BUSINESS tycoon Clive Palmer said yesterday his grand plan to build Titanic II was about growing his tourism portfolio and promoting Queensland to the world.
And his decision to take a shot at entering federal politics against Treasurer Wayne Swan was about giving something back to the community, not about repealing the mining tax which just happened to be an LNP policy he would follow if elected.
Mr Palmer said the new venture was an extension of his tourism portfolio, which includes Coolum Golf and Spa resort as well as the Robina Woods and Colonial golf courses.
He would not be drawn on his plans for the Coolum resort.
Mr Palmer has previously hosed down reports that he might turn Coolum into a mini Las Vegas by building a casino.
He said yesterday he had only registered trademarks for the name Coolum Casino "to stop other people from doing those sort of things".
"I don't think you can make money just having a casino anywhere, it's a pretty old idea," he said.
"You'll see us propose something for the north coast in the next couple of months. We've got a few nice surprises in store for you as the year unfolds."
Mr Palmer was launching his own international shipping line, Blue Star Line, and a 21st century version of the Titanic, to coincide with the 100-year anniversary of the original Titanic's tragic sinking in the Atlantic Ocean.
He said construction would begin next year with state-owned Chinese company CSC Jinling Shipyard.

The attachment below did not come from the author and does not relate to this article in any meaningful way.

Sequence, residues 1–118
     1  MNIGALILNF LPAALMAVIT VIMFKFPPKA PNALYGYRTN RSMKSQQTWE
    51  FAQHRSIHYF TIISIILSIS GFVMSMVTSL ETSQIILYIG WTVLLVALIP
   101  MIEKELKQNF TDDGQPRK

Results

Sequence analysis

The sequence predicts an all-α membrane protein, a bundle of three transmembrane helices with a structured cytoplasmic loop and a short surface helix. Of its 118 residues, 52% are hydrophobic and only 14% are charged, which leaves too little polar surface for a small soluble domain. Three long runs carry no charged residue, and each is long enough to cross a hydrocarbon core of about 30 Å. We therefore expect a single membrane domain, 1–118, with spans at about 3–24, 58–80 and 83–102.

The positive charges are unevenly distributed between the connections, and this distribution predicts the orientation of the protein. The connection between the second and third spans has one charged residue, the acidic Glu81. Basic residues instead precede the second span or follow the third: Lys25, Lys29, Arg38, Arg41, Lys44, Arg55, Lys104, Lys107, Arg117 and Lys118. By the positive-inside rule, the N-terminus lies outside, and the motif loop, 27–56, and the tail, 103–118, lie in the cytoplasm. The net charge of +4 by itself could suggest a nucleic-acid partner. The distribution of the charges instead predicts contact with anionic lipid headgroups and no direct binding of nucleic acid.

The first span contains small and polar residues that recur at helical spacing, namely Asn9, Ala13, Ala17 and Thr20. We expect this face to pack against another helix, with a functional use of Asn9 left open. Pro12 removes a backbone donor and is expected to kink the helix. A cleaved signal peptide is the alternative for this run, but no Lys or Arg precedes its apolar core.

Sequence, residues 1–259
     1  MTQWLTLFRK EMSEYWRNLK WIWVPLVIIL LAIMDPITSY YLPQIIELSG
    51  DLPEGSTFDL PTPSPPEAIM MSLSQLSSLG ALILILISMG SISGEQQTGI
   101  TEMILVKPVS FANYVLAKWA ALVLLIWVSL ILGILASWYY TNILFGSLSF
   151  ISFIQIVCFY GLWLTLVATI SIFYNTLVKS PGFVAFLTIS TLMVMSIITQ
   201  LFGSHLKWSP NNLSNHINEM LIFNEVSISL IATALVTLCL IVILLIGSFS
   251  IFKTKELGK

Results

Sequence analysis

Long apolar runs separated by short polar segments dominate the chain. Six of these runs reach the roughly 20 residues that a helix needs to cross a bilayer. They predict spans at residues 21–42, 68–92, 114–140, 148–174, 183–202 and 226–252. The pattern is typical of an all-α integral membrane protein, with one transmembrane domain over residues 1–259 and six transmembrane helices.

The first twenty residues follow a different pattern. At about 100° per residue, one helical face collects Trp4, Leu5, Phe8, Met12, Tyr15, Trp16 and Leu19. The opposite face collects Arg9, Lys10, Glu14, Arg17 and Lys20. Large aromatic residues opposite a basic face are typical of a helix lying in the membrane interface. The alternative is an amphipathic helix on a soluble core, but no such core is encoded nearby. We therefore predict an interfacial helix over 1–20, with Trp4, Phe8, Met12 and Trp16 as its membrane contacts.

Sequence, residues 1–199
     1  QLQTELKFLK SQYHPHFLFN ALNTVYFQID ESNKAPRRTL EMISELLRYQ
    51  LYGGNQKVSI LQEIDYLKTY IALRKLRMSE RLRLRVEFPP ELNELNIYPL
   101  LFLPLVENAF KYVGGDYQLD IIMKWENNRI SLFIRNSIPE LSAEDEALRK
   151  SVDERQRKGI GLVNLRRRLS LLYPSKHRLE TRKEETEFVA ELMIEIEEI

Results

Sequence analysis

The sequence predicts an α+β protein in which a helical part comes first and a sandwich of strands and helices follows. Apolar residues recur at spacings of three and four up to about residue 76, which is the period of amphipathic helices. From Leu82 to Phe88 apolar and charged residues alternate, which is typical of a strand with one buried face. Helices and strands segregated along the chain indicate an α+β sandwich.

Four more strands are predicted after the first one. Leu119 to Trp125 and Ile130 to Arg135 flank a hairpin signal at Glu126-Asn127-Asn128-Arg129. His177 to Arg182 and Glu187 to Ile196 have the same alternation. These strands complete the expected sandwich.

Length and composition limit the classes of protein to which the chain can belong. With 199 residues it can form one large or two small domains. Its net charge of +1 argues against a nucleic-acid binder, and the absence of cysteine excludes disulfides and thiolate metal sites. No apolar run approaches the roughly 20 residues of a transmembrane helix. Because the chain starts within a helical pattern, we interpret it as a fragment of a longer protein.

He said half the tickets for the maiden voyage from England to North America in 2016 had been sold price unseen in the first 90 minutes.
Mr Palmer said design work had begun with an historical research team for the new Titanic, which would have the same 840 rooms, nine decks and three classes.
The LNP life member, who has been a major donor for the party, said he wanted to have a say in the future direction of the country.
He will stand for pre-selection in the seat of Lilley against Mr Swan but he did not feel he had to give up his business interests.
In fact, he said a move to politics at age 58 was about "slowing down" to "smell the flowers" and giving "what you can back to the nation".
"I want to see a greater prosperity ... we can only help people if we produce more revenue," he said.
Mr Swan said he could not be happier to fight in Lilley for tax breaks for 16,000 small businesses and 51,000 workers, while Mr Palmer and Mr Abbott fight to protect Mr Palmer's multi-billion profits.
He said Mr Abbott and Mr Palmer must immediately guarantee Mr Palmer would not use his massive wealth to buy his way into parliament or influence the election in Lilley.